9. The world (and now the internet) is full of thousands of studies with competing results. We will always be able to find those which support what we already believe or hope to be true. But there IS a reason that red meat has been at the top of the American Cancer Society’s dietary recommendation pyramid for decades.

      1. Dave,
        I know this will disappoint you, but you were not my intended audience for that comment. Some facts just speak for themselves, and I just wanted to give some perspective to those who might stumble upon this thread in search of meaningful advice about diet related disease such as cancer. (Not intended for you because you cannot even concede that industry-sponsored research should not carry the same weight as decades of multi non-profit and non-industry-sponsored research. My guess is that either your livelihood is connected somehow to the meat industry, or you just REALLY love your burgers.) 🙂

        And, because some facts just speak for themselves, I will not try to reinvent the wheel here. The connection between meat consumption and disease is a very well-established one. I have neither the time nor the wherewithal to play the copy and paste game with you.

        Here is a good little page to look at for anyone wanting a quick snapshot of what is known about meat and dairy consumption as it relates to human health (from a Pulitzer prize nominated book on the subject):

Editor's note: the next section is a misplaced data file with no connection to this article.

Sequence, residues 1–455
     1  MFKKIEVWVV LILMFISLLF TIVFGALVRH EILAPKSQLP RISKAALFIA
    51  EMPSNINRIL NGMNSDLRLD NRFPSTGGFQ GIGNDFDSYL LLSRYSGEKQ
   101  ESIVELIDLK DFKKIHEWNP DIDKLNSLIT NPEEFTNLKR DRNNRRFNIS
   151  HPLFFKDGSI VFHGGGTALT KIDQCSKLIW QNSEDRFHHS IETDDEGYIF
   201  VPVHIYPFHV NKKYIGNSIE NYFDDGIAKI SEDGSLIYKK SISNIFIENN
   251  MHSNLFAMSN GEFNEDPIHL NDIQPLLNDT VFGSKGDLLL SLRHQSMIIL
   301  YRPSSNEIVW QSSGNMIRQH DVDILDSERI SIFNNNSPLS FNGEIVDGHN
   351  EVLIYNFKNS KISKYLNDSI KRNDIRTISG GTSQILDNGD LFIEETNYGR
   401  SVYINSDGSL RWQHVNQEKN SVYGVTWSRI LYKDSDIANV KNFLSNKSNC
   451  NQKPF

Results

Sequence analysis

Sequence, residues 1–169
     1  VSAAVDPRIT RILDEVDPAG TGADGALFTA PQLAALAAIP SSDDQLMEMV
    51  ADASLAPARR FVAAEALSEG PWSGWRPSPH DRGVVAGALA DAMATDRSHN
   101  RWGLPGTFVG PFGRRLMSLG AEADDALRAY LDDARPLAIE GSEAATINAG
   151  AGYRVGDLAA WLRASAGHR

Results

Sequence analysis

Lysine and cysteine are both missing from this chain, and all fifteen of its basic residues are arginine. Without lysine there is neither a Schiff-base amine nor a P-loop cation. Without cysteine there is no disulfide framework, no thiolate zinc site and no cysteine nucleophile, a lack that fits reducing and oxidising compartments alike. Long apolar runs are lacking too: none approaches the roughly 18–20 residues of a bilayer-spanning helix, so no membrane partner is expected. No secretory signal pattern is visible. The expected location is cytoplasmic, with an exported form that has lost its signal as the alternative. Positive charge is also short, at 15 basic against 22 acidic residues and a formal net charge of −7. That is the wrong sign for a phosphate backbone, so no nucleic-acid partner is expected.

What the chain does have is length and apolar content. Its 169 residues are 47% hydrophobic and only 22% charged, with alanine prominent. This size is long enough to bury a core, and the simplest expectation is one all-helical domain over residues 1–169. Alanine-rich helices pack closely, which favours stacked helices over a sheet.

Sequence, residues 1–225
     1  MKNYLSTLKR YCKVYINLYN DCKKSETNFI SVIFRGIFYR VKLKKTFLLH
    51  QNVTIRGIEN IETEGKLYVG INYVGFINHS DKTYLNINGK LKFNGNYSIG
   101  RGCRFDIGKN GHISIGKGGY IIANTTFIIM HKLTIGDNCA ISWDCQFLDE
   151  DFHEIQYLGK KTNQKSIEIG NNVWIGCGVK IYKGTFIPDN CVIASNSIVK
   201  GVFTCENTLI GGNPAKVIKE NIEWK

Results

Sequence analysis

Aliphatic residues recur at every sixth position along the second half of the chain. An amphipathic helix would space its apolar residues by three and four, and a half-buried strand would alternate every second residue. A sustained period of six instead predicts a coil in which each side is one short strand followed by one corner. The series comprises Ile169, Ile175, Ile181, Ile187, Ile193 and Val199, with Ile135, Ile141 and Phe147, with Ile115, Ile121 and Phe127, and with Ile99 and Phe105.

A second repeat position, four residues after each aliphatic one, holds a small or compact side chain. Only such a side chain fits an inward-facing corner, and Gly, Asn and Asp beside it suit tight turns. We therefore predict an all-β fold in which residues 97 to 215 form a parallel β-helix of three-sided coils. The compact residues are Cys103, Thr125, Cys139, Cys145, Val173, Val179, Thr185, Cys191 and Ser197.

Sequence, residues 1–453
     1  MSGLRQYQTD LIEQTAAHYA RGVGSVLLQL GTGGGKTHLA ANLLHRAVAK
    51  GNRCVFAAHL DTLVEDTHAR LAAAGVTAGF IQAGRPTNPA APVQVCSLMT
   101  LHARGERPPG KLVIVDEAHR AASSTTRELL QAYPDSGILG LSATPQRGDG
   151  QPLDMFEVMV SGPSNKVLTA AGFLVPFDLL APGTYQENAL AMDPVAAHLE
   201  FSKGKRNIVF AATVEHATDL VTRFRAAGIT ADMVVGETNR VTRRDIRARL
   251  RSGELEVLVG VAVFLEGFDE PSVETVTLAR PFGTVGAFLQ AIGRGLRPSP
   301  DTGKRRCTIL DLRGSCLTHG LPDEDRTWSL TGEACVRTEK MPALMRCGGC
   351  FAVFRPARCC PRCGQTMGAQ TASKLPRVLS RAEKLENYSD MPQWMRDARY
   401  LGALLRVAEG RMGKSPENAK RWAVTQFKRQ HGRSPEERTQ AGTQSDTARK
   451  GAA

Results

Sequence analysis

Also, I know that anecdotal evidence has traditionally not held much weight in the field of scientific reseach, so just consider this as an aside:
        My parents and their siblings all had a bunch of kids in the early 60’s, so we’re all hitting our 50’s now. I noticed about 10 years ago I started getting regular comments from my aunts and uncles (my parents died young – one of cancer, one of hearth diesease), who only see me a few times a year, that I look so young for my age. My uncle stares at me like I’m an alien, and asks me what I do to look so young. I’m a middle-aged gal, and I still get hit on by men (attractive ones) 15 or more years my junior. The only signficant lifestyle difference I know of between myself and my siblings and cousins is that I have been vegan or vegetarian most of my adult life. Just some food for thought.